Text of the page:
How leaders can help employees of multiple generations reduce stressors and improve the company culture, writes David Gregg, M.D., StayWell Chief Medical Officer.

Stress is a given component of modern life and affects nearly everyone at some point or another. But understanding the factors that drive stress and its impact on individuals is the key to managing stress. This issue has become increasingly important for employers with multiple generations now part of the workforce. But not every generation shares the same burden of stress nor do they find the same issues to be drivers of stress — creating new challenges in managing the health and productivity of a multi-generational employee base.

The impact of stress

Stress is typically a physical, mental, or behavioral reaction to any change that requires an adjustment or response. Stress is a normal part of life, and it can stem from changes in an environment, a situation, or even outside factors that contribute to negative thoughts. In work settings, this can be a new role, a new manager, or a new environment. Items such as deadlines, risks, and failure can all be stress-inducing. While many people can experience and react to stress when a person faces continuous challenges without relief it can lead to a negative response that causes wear and tear on the body — both physical and emotional.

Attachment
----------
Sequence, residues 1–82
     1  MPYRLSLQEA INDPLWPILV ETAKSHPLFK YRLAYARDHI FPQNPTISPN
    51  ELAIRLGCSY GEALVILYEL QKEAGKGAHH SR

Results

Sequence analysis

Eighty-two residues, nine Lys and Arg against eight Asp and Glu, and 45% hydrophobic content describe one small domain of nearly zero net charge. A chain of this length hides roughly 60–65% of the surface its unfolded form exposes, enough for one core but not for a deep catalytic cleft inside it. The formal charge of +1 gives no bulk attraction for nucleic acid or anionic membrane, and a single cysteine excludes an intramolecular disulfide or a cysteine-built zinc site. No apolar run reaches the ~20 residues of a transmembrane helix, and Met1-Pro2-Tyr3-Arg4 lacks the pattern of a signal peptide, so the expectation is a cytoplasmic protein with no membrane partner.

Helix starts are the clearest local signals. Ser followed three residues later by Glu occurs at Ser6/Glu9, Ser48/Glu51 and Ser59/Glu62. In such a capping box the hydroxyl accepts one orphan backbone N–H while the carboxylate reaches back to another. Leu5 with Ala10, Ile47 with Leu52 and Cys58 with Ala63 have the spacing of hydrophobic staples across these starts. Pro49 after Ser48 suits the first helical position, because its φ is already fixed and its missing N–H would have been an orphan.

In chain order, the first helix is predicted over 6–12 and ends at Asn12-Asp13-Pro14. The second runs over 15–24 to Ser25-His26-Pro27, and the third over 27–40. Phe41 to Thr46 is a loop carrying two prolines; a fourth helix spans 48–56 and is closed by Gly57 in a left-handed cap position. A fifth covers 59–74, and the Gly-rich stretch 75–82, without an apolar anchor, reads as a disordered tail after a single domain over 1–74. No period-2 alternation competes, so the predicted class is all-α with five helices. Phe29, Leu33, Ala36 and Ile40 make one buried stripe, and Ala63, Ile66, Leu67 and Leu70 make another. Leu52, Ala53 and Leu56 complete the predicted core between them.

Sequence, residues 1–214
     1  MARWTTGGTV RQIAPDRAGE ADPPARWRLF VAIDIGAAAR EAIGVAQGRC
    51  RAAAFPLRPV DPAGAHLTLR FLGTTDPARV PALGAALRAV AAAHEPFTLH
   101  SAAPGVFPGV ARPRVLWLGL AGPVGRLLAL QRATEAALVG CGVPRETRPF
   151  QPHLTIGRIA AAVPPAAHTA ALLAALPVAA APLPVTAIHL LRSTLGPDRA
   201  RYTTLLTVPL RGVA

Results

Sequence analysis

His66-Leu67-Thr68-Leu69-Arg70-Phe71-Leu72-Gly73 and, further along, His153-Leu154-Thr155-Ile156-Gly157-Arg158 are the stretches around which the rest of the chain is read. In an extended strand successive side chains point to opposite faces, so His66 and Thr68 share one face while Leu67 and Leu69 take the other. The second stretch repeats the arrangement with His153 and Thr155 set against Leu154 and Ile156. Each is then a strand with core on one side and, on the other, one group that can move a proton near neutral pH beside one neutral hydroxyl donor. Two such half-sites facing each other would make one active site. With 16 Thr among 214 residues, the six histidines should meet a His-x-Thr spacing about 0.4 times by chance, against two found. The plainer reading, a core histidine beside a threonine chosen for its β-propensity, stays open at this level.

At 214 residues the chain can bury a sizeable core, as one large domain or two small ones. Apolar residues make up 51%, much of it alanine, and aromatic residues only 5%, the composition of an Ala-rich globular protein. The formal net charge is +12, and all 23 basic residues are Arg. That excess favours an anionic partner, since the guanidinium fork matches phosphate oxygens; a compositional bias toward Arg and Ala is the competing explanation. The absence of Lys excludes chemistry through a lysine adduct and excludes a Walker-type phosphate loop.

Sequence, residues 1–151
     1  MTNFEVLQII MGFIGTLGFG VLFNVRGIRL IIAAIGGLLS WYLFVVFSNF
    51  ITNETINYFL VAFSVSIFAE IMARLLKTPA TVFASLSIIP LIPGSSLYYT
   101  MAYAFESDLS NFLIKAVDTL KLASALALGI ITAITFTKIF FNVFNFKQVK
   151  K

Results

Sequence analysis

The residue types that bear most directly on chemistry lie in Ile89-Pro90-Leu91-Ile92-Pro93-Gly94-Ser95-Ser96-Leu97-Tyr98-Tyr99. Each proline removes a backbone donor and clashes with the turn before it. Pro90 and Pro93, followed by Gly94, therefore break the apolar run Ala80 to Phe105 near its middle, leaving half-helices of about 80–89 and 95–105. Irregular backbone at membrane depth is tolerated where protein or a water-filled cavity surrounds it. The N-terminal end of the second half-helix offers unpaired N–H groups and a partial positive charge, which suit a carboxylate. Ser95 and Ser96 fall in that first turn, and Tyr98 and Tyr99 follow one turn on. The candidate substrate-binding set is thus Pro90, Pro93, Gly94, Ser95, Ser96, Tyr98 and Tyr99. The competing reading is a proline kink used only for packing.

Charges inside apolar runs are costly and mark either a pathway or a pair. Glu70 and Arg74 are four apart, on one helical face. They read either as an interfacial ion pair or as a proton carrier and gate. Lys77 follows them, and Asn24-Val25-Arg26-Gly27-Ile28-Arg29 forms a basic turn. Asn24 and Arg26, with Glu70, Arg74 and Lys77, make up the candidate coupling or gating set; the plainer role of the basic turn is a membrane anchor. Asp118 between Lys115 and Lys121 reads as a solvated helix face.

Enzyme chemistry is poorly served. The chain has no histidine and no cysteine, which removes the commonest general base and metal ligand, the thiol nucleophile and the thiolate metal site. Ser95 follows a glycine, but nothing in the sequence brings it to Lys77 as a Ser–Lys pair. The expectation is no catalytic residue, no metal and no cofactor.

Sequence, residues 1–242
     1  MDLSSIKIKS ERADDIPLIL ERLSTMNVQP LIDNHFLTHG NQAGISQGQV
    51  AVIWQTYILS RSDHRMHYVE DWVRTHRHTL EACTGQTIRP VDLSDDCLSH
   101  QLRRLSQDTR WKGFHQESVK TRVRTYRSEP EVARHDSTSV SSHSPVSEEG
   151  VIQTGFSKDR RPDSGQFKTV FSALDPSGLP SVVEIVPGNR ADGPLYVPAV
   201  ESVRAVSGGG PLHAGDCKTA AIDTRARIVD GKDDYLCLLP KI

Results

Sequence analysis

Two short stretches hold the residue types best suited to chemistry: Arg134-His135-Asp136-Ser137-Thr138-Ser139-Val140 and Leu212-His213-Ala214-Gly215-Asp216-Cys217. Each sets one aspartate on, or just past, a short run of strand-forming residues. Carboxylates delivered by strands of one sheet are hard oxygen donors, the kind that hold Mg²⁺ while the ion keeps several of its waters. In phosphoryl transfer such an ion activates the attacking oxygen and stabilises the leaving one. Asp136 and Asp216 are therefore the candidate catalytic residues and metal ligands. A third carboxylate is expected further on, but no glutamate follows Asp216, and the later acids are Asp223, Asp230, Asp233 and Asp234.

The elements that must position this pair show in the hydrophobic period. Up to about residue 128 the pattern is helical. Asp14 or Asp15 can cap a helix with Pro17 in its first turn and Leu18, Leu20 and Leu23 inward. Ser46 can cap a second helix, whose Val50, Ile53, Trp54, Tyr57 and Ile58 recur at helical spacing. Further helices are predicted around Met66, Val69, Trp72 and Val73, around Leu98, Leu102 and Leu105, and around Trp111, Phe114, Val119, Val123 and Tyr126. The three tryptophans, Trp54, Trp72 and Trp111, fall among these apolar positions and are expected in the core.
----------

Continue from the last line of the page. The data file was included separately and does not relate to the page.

For many years, employers took a more passive role in helping to reduce employee stress; but as more research shows the value of a holistic approach to health, stress management at the workplace has become an important topic. By creating a workplace that doesn’t contribute to unhealthy levels of stress and helping employees reduce outside stress factors, employers can anticipate improved productivity, reduced health care costs, and more engaged culture.

Multiple generations

Today’s workforce is comprised of five different generations potentially all working under one roof. This includes:

Pre-Boomers     (Born 1925-1945)

Baby Boomers   (Born 1946-1964)

Generation X      (Born 1965-1976)

Millennials          (Born 1977-1994)

Gen Z                    (Born after 1994)

And while generational diversity has the potential to generate new perspectives, it also comes with the potential for conflict and stress due to differing values and working styles. Members of each generation have their own stress, as each group is likely in different stages of life and has varied experiences that contribute to their world view. And as more people delay their retirement, younger generations can feel that their opportunities for career advancement are being restricted. Meanwhile, older generations may feel hesitant to adopt new processes or take longer to utilize new technology as part of their role.

A multi-generational workforce can create new challenges as managers must be sensitive to how different generations approach the workplace. This can include changes in communication styles, training methods, and increased transparency. To help limit unnecessary employee stress, managers should rethink hiring practices, managing styles, rewards, training, and retention of their employees, and how each generation may respond. It’s important to help employees recognize that they each have distinct sets of skills and different things they bring to the table.

Generational attitudes toward stress